On January 27, 1945 Soviet troops entered the largest Nazi death camp, Auschwitz, and liberated the 7,000 remaining prisoners. This large camp complex comprised of three areas including a concentration camp, extermination camp, and forced labor camp. The 7, 000 released were just a fraction of the lives lost at Auschwitz. In the five years before the liberation 1.3 million prisoners were deported to Auschwitz while over 1.1 million were murdered.
Today marks the 65th anniversary of the liberation of Auschwitz, and was named International Holocaust Remembrance Day by the Untied Nations in 2005. It is an important day to share with our students. The subject of the Holocaust, though, isn't one that should be introduced lightly to our students.
Before starting any lesson on the subject please check out the United State Holocaust Memorial Museum online resources for lesson plans. An especially important tool is their suggested educational guidelines which are very helpful.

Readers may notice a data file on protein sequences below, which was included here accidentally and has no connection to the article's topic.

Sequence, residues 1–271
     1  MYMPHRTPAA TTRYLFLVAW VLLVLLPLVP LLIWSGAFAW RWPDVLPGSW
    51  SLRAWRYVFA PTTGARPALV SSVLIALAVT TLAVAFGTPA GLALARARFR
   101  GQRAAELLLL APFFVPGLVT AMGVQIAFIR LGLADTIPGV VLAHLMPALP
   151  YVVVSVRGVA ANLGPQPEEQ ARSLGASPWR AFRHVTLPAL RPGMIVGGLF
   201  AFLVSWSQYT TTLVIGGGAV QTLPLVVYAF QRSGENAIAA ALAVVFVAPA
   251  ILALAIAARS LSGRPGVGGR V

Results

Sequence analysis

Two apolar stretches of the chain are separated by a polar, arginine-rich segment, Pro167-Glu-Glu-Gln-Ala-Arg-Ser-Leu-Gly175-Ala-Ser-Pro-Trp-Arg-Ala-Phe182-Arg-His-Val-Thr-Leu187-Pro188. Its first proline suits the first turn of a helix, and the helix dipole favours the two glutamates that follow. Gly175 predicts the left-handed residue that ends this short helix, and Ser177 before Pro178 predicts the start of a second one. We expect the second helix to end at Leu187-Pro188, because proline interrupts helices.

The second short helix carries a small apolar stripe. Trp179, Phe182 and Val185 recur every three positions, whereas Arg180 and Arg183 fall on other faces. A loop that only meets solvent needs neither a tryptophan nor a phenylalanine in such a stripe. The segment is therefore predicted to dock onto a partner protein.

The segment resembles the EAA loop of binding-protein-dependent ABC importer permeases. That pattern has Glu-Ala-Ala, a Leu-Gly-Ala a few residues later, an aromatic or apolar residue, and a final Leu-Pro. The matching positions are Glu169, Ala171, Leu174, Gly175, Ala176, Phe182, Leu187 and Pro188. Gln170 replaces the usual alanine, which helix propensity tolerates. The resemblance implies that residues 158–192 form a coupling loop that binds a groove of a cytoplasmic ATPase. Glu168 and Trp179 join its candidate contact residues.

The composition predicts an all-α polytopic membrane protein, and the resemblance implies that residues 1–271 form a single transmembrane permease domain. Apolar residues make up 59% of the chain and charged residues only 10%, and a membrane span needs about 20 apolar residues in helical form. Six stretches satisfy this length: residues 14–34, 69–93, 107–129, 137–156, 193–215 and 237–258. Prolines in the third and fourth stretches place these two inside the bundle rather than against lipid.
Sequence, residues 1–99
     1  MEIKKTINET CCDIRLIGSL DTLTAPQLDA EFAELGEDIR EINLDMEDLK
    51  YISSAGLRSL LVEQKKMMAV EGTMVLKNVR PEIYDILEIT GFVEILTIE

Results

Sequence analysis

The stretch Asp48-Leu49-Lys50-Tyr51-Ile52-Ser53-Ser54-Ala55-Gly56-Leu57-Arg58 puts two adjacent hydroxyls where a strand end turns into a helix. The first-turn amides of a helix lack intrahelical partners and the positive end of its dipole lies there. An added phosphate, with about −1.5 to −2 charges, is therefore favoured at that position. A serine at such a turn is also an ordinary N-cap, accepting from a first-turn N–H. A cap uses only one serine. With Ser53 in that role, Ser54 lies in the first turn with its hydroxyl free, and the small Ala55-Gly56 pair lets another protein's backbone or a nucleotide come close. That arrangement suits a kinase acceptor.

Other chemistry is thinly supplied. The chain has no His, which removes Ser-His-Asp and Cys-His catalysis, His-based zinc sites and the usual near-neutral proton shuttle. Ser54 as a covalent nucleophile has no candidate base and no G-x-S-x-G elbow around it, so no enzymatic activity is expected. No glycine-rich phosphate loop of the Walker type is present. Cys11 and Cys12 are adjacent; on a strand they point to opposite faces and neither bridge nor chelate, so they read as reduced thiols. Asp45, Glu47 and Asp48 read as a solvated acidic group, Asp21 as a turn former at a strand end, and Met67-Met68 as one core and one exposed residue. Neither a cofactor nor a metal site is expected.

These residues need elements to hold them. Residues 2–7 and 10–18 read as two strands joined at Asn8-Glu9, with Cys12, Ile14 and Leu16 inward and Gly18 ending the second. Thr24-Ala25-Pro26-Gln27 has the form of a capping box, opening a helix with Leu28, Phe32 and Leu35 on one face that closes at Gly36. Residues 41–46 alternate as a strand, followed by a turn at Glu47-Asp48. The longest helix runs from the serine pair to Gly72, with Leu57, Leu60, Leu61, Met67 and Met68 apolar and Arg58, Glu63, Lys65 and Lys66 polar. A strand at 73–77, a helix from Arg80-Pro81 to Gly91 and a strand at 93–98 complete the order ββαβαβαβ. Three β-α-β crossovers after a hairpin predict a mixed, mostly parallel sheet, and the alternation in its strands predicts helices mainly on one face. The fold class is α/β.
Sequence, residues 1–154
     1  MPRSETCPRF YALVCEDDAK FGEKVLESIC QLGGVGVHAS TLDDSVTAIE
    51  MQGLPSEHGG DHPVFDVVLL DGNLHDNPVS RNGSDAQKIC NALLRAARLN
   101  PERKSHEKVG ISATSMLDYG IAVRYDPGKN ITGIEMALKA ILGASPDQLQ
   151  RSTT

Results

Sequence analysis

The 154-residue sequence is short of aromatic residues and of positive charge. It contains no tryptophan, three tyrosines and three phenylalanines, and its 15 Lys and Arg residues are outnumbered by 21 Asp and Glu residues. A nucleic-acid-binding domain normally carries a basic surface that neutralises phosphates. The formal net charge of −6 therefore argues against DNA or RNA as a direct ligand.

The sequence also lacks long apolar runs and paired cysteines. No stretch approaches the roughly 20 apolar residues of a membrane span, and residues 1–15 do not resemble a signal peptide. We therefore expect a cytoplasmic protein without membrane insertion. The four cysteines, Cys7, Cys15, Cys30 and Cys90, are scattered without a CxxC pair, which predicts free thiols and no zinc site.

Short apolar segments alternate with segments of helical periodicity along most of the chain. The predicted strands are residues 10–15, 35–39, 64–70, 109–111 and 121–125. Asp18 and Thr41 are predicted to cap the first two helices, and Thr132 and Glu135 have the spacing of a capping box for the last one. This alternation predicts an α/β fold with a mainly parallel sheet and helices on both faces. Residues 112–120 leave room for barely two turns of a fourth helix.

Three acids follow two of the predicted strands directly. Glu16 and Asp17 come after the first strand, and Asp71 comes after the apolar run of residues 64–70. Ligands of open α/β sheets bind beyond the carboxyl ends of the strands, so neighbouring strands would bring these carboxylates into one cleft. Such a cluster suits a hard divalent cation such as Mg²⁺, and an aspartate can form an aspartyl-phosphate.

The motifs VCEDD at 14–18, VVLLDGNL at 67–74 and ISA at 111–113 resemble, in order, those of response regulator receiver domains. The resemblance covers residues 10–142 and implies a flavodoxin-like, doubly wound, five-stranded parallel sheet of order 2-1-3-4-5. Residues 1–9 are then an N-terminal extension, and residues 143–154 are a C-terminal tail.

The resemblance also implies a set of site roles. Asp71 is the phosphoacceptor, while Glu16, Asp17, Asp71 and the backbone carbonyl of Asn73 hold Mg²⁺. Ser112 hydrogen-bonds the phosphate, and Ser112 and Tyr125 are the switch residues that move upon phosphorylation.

To honor this day locally take a trip to the New England Holocaust Memorial. This tremendous piece of art and architecture is located on the Freedom Trail near Faneuil Hall on Congress Street. Dedicated in 1995, it was begun by a group of survivors who now call Boston home. Information on the symbolism of the structure and the history of The Holocaust can be found at their site www.nehm.org.
And in a quote from Victor Frankl, himself a Holocaust survivor, "When we are no longer able to change a situation, we are challenged to change ourselves."